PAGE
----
Pro-life state legislatures are showing their commitment to save preborn babies by standing behind their pro-life laws in court. Tennessee is asking the Supreme Court for relief as it appeals a lower court decision striking down its 48-hour waiting period requirement before an abortion. And, recently South Carolina officials announced they will appeal a court ruling striking down a new “heartbeat bill” that bans abortions after a preborn baby’s heartbeat can be detected.

Tennessee’s legislature passed its current 2-day waiting period law in 2015 in an effort to give an abortion-minded woman the opportunity to think about her decision free of pressure from the abortion clinic or doctor she initially consulted with. Fourteen states have similar laws, and the U.S. Supreme Court itself upheld abortion waiting period laws in the 1992 case, Planned Parenthood v. Casey.

In spite of the Casey precedent, a federal district court in Tennessee struck down the 2015 law last fall, and the 6th U.S. Circuit Court of Appeals recently refused to issue an order allowing the law to remain in effect while the parties pursued an appeal to that court. So, the state of Tennessee approached Justice Brett Kavanaugh with an emergency application asking the Supreme Court to step in and issue an order allowing the law to go back into effect while the parties litigate at the 6th Circuit.

“Tennessee has now been unable to enforce its waiting period for over five months,” the application states. “And although fourteen other States have similar waiting-period laws that generally require two trips to an abortion provider, Tennessee is the only State in the Nation that cannot enforce its law because of a federal judicial decree. Tennessee respectfully requests that this Court immediately stay the district court’s judgment and injunction pending completion of further proceedings in the court of appeals and, if necessary, this Court.”

Justice Kavanaugh, who oversees emergency requests from litigants in the 6th Circuit, could decide the request himself, or as is more frequently done, refer it to the whole court for a decision. Whether the high court decides to grant or deny the request, the appeal will proceed at the 6th Circuit until that court rules, at which time the case could come back to the justices for a thorough review.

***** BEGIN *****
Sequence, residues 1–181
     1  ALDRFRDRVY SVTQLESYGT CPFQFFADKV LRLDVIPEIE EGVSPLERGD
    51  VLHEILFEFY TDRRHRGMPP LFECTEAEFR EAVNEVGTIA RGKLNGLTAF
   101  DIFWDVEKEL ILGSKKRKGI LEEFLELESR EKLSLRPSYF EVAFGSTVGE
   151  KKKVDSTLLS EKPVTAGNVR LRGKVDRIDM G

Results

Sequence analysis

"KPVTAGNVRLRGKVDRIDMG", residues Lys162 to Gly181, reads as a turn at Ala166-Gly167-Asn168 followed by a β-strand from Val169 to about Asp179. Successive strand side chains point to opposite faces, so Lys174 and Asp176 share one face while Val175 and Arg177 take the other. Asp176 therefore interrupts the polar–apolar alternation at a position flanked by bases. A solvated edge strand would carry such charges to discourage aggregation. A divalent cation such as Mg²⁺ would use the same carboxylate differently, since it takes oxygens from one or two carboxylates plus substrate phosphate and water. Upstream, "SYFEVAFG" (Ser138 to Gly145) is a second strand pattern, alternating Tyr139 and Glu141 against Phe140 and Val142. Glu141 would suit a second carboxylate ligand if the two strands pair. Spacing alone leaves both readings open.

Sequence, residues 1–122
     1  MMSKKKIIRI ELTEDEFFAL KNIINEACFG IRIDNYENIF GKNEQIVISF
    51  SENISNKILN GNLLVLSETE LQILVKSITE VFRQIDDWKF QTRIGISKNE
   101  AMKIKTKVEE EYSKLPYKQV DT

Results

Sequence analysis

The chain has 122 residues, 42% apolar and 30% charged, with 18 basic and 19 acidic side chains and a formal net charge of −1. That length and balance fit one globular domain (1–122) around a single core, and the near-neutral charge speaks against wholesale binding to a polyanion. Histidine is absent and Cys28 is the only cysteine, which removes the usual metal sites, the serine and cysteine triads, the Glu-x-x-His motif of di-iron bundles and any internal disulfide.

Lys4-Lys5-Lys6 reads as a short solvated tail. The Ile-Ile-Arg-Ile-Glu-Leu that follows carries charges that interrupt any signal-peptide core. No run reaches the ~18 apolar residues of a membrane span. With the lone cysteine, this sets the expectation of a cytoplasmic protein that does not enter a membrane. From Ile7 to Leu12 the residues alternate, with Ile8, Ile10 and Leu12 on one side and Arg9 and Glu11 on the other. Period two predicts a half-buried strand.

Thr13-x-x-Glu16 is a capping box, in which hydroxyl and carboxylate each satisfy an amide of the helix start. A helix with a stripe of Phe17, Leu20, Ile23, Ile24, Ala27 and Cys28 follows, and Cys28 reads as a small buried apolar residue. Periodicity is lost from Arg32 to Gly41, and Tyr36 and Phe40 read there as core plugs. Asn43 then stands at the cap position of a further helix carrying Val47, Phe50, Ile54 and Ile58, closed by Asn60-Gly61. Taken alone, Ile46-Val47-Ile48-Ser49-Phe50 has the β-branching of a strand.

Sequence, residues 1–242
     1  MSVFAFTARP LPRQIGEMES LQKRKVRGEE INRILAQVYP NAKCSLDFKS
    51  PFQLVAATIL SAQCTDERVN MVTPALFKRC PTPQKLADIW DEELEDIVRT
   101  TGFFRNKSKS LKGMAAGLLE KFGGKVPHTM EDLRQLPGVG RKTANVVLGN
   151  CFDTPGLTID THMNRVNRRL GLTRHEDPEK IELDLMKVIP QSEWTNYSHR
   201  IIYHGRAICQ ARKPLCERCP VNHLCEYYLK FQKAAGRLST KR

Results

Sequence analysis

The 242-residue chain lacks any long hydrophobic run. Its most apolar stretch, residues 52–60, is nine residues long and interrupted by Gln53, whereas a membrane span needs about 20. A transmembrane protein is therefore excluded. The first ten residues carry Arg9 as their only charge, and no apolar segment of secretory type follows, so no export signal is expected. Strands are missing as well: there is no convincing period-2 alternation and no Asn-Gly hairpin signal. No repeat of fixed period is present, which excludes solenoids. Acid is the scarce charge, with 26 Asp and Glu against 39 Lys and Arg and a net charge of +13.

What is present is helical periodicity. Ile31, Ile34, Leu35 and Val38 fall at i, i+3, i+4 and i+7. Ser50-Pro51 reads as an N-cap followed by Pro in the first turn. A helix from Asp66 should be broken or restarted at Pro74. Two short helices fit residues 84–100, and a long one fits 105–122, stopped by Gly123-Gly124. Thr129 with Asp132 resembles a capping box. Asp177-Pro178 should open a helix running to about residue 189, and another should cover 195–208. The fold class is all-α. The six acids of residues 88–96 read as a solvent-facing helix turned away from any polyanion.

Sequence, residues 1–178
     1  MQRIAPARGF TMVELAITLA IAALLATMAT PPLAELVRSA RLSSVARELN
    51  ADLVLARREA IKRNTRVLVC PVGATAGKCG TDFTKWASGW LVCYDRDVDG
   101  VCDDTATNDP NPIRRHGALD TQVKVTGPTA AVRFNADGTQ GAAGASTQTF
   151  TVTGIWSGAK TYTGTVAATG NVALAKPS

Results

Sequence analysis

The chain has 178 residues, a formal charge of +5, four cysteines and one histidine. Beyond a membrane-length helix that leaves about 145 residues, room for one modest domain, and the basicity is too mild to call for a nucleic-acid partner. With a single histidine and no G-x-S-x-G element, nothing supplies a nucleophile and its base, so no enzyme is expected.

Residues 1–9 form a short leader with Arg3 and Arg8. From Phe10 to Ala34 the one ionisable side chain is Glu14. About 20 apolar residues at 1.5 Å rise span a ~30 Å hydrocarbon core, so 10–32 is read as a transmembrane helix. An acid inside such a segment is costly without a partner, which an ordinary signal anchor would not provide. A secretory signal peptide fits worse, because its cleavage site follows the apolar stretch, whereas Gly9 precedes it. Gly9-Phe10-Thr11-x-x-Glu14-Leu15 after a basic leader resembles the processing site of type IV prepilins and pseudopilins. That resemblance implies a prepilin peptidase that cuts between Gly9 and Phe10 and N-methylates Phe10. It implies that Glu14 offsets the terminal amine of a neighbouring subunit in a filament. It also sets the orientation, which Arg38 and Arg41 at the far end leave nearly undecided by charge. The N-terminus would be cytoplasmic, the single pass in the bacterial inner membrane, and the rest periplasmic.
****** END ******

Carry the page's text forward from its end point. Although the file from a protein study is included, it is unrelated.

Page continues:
South Carolina recently passed a “heartbeat bill” prohibiting abortions after a preborn baby’s heartbeat can be detected, usually somewhere between six- and eight-weeks’ gestation. On March 19, Planned Parenthood was able to convince a federal judge to issue an injunction blocking the new law from taking effect.

On April 2,  South Carolina Governor Henry McMaster and other government officials announced plans to appeal the injunction to the 4th U.S. Circuit Court of Appeals.

“We have appealed the federal court’s preliminary injunction against the Fetal Heartbeat Bill,” McMaster told ABC affiliate WNCT9. “No fight is more worthy of our time and energy than the fight to protect life in South Carolina.”

Heartbeat bills are generally considered to be a direct challenge to the Supreme Court’s abortion decisions in Roe v. Wade and Planned Parenthood v. Casey, which have been understood to severely restrict any state interest in prohibiting or regulating the abortion “right” prior to the viability of the preborn baby. “Viability” is generally understood to be between 24 and 28 weeks after the start of a woman’s last menstrual period, though babies have survived as young as 21 weeks.

All of the approximately one dozen heartbeat bills passed by state legislatures in the last few years have been blocked from going into effect by lower federal courts. It is hoped that by appealing one or more of these lower court rulings all the way to the Supreme Court, the justices will take a fresh look at Roe and Casey and overturn them as unconstitutional. Doing so would remove the courts as policymakers on the issue of abortion and send it back to the state legislatures and Congress to address.

Relatedly, the U.S. Supreme Court has delayed responding to a petition to address the constitutionality of Mississippi’s 15-week ban on abortion filed last June. No explanation has been provided by the high court for its continued silence in that case.

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